Finding Cowboys (Part 1)

This week I am down in Houston, TX with the Houston Society of the Archaeological Institute of America. This is the fourth year in a row I have trekked down here, and it is an incredible experience as always. Why am I here? To talk about cowboys, of course! The Houston Stock Show and Rodeo is in full swing and rodeo madness has gripped the city. What better time to visit classrooms to talk about the origins and history of cowboy culture and its traditions?
The American cowboy is an iconic image of the American west, but it is also one that has been propagated by Hollywood, mass media, and advertising (Marlboro Man, anyone?) This is not to say that our stereotypical cowboy image is wrong, but rather that it is only one very small part of a far more multi-cultural and global picture. This blog post is not a diatribe against the classic American cowboy, it is a stitching together of a more cohesive picture. After all, Equus caballus, the domestic horse, is not a native North America species, he was imported to the New World, and with him came a long standing cowboy tradition.
The story of the cowboy starts on the Central Asian steppe c.5500-5000 years ago. It is here that the horse was domesticated. The domestication of the horse and the subsequent discovery that they could be ridden was a boon for the nomadic peoples of the region, as it allowed them to cover greater expanses of territory and to manage much larger herds of livestock (their primary source of wealth ). And so, by being the first to climb on the back of horse and and use them to herd livestock, the nomads of Central Asia were, in essence, the first cowboys.
This was just the beginning. As the knowledge of riding moved west, so to did this proto-cowboy tradition. On the Thessalian Plain in Greece the horse flourished and became a mainstay of both the Thessalian economy and military. Horse breeding was big business in Thessaly, so much so that the image of a broodmare with her foal was stamped on Thessalian coins. Moreover, Thessaly was home to one of the first rodeo events: steer wrestling. Coinage from the region shows a very clear image of the event, in which a young man would leap from his galloping horse onto a steer, which we would grab by the horns and wrestle to the ground- much like the modern version of the sport.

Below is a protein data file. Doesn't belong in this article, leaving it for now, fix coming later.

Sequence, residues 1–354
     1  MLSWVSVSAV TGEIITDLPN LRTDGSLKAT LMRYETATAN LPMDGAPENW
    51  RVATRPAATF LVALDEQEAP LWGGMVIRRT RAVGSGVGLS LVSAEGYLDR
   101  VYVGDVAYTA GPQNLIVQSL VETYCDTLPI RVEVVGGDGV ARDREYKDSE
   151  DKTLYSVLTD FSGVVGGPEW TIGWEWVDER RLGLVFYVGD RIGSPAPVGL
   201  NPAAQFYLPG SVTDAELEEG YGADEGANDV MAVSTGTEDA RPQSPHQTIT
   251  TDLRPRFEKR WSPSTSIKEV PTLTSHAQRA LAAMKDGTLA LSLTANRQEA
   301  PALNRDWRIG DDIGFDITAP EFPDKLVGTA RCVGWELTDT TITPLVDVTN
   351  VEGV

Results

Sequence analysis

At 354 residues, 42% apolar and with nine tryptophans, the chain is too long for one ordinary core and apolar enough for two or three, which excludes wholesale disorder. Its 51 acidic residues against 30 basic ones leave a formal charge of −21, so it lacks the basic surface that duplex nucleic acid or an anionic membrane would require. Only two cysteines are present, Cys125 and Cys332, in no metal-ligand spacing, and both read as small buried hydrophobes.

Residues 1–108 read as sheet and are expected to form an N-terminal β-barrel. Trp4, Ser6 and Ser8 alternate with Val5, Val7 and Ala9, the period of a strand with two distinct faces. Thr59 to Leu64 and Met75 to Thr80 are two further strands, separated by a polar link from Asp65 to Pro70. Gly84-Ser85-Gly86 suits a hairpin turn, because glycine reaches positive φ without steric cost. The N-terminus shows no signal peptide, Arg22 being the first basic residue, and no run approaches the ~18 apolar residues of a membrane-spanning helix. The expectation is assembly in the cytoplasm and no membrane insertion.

Italy likewise plays a part in the cowboy tradition. The butteri of the Maremma can trace their origins back to the 14-15th century when the region was known for its mercenary cavlarymen. When not hiring themselves out to fight, these highly skilled horsemen worked for the semi-feudal landlords of Tuscany; breaking in horses and herding the long horned Tuscan cattle. The cavalry origins of the buttero can be seen in his herding tool of choice, the spear-like mazzrella, which he uses to maneuver cattle and horses. The skills of the butteri became well known, and they were put to the test when Buffalo Bill and his Wild West show rolled into Rome. Buffalo Bill invited the buttering to pit themselves against his troupe, and well, his guys lost! The traditions and customs of the butteri are honoured down to the present day: a festival celebrating the skills of the butteri is held every year on the first Sunday of August; the traditional butteri way of life is, however, sadly vanishing.